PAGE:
Lighten up- Grow lights for Winter

Lighten Up!
How to use grow lights to boost plant health over winter.
Mid-winter is a time for celebration, and many of us use lights as part of the fun. But lights also have a more serious use for tunnel-house growers, especially in the shorter days of our coolest seasons. That’s because plants require light, as well as warmth, if they are to thrive. And no matter how warm it gets inside a tunnel-house in the ‘off-season,’ unless you master the skill of stopping the Earth turning, you cannot increase the natural daylight hours available to your plants! What you can do, however, is use grow lights. But before we get onto that, let’s take a closer look at just how demanding plants can be when it comes to light.

Plants can be demanding!
All plants require sunlight in order to photosynthesise and remain healthy. More importantly, they require an adequate number of light hours in order to achieve their full potential. Each plant has its own preference when it comes to the number of light hours it requires, and also the strength of that light. The peace lily, for example, prefers 12-14 hours of filtered (low level) light, but can flower when given just 2-4 hours of light. On the other hand, a tunnel-house tomato plant requires 8 hours of bright light through all its growth stages. Even the humble cabbage demands a healthy dose of light – around 6 hours to keep it happy, and 8-10 if it’s to thrive. You can read more about how many hours of light various vegetables require at Ponics Life.

Answering the call for help

If a tunnel-house grower is to provide their plants with the light they require year-round, then over the short-day seasons of late autumn to early spring, they will need to provide them with some artificial light (known in the gardening world as ‘grow-lights’). Lights which aid plant growth are usually referred to by ‘spectrum’ range. That’s because light waves come in different colours, and each colour can help a plant in different ways. For example, red light helps with fruiting and flowering. Blue light is important for the growth of leaves, stems, and roots. Green light is good at penetrating through leafy canopy, and white light is especially good for seedling development.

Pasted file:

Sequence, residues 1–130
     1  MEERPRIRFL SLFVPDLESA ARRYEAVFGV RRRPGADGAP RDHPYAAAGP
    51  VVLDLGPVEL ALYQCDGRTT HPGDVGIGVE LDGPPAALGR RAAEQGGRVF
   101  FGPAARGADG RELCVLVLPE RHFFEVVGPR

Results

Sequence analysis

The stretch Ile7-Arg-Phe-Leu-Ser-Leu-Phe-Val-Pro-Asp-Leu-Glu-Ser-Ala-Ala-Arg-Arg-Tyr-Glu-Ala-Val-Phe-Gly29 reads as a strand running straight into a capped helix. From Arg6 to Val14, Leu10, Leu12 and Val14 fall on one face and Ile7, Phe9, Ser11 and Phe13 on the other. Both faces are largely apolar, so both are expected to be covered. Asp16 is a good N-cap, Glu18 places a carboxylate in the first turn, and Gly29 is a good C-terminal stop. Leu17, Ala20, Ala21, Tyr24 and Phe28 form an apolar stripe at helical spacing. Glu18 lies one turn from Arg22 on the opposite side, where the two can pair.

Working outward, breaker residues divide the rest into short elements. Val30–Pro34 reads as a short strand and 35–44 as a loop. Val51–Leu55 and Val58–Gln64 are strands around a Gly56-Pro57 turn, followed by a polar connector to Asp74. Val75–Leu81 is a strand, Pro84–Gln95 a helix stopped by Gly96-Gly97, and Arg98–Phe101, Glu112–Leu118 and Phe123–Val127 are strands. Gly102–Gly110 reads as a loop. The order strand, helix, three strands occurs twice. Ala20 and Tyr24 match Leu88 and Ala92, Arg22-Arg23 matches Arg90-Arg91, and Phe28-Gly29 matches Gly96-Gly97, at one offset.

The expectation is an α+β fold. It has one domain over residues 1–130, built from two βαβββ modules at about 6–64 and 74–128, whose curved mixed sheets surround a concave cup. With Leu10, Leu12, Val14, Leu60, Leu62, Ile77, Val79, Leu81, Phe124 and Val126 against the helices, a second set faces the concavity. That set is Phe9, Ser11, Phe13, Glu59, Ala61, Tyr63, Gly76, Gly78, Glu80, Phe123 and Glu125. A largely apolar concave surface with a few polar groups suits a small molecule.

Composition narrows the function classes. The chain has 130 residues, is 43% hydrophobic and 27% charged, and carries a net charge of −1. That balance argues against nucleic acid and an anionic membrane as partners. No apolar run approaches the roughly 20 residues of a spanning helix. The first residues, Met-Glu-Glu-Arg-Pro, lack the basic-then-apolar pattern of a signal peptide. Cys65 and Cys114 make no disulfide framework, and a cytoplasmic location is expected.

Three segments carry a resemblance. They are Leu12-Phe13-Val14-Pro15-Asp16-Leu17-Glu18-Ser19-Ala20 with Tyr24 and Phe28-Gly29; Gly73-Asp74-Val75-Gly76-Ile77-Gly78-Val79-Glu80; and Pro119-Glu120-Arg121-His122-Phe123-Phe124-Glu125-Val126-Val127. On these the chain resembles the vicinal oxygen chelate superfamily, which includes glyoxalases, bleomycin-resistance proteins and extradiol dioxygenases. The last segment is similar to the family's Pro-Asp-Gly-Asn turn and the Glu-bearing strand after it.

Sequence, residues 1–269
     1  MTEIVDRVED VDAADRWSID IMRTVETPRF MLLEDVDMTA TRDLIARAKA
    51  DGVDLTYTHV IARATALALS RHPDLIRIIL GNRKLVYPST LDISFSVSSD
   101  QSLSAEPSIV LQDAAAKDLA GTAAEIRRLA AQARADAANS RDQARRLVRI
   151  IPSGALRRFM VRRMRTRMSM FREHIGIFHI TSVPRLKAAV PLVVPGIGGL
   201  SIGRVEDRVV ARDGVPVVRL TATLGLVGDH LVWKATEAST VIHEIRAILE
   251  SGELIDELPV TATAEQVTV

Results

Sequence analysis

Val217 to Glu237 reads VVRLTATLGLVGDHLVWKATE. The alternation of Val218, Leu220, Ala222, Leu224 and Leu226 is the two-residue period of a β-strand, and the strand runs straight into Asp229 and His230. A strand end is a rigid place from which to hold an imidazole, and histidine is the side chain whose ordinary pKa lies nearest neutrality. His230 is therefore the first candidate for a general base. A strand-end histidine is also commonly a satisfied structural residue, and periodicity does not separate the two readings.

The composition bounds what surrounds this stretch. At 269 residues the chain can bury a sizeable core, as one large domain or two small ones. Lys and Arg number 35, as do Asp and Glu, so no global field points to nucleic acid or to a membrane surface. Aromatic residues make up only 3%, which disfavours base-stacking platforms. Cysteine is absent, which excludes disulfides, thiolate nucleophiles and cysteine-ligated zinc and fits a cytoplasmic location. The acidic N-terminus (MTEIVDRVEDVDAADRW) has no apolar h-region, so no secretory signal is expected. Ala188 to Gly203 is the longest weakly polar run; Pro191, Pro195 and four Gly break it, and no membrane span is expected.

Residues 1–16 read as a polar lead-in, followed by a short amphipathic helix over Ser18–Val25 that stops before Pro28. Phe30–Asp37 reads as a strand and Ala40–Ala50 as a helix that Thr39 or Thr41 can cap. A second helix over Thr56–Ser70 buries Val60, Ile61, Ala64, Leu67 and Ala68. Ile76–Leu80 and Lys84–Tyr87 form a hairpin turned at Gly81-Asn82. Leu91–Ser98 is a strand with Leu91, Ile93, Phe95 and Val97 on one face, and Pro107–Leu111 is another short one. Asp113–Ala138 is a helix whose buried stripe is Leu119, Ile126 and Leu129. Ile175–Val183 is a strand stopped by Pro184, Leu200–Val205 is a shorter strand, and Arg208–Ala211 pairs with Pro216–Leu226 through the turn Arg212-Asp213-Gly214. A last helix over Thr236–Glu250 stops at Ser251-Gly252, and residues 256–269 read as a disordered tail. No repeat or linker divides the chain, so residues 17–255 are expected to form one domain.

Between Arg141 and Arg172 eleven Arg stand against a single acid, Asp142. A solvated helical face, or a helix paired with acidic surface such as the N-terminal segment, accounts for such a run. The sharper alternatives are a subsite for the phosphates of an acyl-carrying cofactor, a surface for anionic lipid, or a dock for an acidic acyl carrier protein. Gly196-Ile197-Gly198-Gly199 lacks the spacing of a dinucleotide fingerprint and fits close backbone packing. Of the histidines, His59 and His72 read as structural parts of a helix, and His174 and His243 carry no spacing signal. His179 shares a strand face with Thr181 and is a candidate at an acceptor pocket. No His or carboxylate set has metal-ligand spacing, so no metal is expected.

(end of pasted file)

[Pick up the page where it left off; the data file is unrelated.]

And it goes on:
Height matters, too!
If grow-lights are to be most effective, they need to be placed at the correct height above your plants. The strength of a light is measured in watts, and the kind of LED (light-emitting diode) grow-lights that are used in a home tunnel-house are usually around 5-20 watts. This means they should be placed approximately 30cm above your vegg plants. As the strength of grow-lights differ, it can help to think about it like this: generally speaking, the younger your plants, the further away the light needs to be from them. And the stronger the lights are, the higher up they need to be.

Take me to them!
Grow-lights aren’t difficult to find. But when you do locate them, whether in a garden centre or on a site such as Trade Me, it’s easy to get bamboozled. Some lights are ‘full spectrum’ i.e. they have the full range of wavelengths to help each aspect of plant growth. Other lights are pink & blue (often called ‘purple lights’ because that’s the glow they give off when switched on.) Purple lights are helpful, too. Grow lights often come in rigid strips or panels, or they may be mounted on a soft strip on a reel. Both options offer different lengths or dimensions.

Safety first
Most tunnel-house growers won’t have an approved electric socket in their greenhouse, and to get one professionally wired in (which is what is legally required – a field cable isn’t a safe option), can be costly. But there are alternatives (which you should always discuss with your electrician before proceeding with). Alternatives include purchasing grow-lights with a USB attachment which can be plugged into a portable power bank similar to the one you may have as a backup for charging your mobile phone.

Timing is everything
However you decide to install grow-lights into your tunnel-house, be aware that they will need to switch on and off in order to provide the required number of hours of light your plants crave, and no more or no less. If you you don’t want to be traipsing back and forwards to the tunnel-house every few hours, you may want to invest in an automatic timing device that is compatible with your grow-light system.

Tips for working with grow-lights
Different plants require different amounts of light. When growing in the tunnel-house, group the same variety of plants together to help with logistics.

Even though it’s daylight in winter, much of the sun’s light may still be hidden behind cloud cover. On grey days, some growers leave their grow-lights on for a few hours to supplement the available natural light.

Choosing soft-tape grow lights which come on a reel means that you can roll them up over summer for easy storage.

Grow lights come in a wide range of prices. Purple style grow-lights on soft tape can often be purchased via Trade Me for just a few dollars.